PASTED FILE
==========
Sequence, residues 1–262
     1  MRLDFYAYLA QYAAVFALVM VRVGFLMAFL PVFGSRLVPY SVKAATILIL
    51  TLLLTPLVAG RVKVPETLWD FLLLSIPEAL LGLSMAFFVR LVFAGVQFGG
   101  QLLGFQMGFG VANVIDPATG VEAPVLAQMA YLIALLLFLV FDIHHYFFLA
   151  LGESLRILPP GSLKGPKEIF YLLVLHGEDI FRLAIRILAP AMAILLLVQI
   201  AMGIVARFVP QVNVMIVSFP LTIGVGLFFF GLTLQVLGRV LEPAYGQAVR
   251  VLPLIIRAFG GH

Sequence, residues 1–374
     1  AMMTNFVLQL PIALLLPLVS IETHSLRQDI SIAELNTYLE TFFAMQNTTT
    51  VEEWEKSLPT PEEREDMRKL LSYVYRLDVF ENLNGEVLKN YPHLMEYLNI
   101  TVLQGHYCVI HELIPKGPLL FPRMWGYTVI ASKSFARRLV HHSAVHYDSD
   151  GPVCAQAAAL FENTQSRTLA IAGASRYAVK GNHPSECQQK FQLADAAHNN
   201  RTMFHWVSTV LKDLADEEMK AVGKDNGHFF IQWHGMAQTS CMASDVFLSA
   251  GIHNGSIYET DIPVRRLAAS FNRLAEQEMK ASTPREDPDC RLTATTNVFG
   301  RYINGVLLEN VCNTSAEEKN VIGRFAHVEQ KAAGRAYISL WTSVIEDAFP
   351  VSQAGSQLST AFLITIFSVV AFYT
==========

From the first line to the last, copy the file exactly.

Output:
Sequence, residues 1–262
     1  MRLDFYAYLA QYAAVFALVM VRVGFLMAFL PVFGSRLVPY SVKAATILIL
    51  TLLLTPLVAG RVKVPETLWD FLLLSIPEAL LGLSMAFFVR LVFAGVQFGG
   101  QLLGFQMGFG VANVIDPATG VEAPVLAQMA YLIALLLFLV FDIHHYFFLA
   151  LGESLRILPP GSLKGPKEIF YLLVLHGEDI FRLAIRILAP AMAILLLVQI
   201  AMGIVARFVP QVNVMIVSFP LTIGVGLFFF GLTLQVLGRV LEPAYGQAVR
   251  VLPLIIRAFG GH

Sequence, residues 1–374
     1  AMMTNFVLQL PIALLLPLVS IETHSLRQDI SIAELNTYLE TFFAMQNTTT
    51  VEEWEKSLPT PEEREDMRKL LSYVYRLDVF ENLNGEVLKN YPHLMEYLNI
   101  TVLQGHYCVI HELIPKGPLL FPRMWGYTVI ASKSFARRLV HHSAVHYDSD
   151  GPVCAQAAAL FENTQSRTLA IAGASRYAVK GNHPSECQQK FQLADAAHNN
   201  RTMFHWVSTV LKDLADEEMK AVGKDNGHFF IQWHGMAQTS CMASDVFLSA
   251  GIHNGSIYET DIPVRRLAAS FNRLAEQEMK ASTPREDPDC RLTATTNVFG
   301  RYINGVLLEN VCNTSAEEKN VIGRFAHVEQ KAAGRAYISL WTSVIEDAFP
   351  VSQAGSQLST AFLITIFSVV AFYT